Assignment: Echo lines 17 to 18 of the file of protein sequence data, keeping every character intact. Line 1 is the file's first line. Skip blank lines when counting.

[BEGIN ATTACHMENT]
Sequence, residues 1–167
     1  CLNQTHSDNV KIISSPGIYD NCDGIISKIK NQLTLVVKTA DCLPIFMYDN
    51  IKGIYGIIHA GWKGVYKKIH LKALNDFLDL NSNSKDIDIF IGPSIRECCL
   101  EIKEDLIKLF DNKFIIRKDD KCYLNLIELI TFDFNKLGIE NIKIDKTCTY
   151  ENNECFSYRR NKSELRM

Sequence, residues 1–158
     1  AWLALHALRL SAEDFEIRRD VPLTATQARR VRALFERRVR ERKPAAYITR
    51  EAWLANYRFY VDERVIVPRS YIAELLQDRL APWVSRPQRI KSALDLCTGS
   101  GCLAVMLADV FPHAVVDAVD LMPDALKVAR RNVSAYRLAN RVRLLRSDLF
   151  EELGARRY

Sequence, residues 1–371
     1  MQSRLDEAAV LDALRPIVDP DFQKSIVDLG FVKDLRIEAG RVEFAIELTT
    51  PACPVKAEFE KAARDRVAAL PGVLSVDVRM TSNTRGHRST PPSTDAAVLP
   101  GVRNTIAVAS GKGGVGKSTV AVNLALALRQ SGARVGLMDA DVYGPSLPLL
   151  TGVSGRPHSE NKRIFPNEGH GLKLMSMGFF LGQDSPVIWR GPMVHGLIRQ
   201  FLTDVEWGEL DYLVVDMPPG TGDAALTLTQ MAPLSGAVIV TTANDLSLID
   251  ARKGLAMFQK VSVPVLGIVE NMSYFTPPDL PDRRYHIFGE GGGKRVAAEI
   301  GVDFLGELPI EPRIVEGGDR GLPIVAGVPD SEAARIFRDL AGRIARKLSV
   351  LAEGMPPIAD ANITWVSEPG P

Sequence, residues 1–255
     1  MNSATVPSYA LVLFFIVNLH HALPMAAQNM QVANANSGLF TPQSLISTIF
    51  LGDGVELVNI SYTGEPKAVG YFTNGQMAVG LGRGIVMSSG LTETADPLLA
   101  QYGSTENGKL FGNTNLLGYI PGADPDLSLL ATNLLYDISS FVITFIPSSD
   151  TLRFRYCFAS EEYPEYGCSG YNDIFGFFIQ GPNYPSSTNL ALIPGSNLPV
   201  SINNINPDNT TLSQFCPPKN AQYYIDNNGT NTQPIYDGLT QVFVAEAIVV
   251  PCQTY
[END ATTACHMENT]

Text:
   251  ARKGLAMFQK VSVPVLGIVE NMSYFTPPDL PDRRYHIFGE GGGKRVAAEI
   301  GVDFLGELPI EPRIVEGGDR GLPIVAGVPD SEAARIFRDL AGRIARKLSV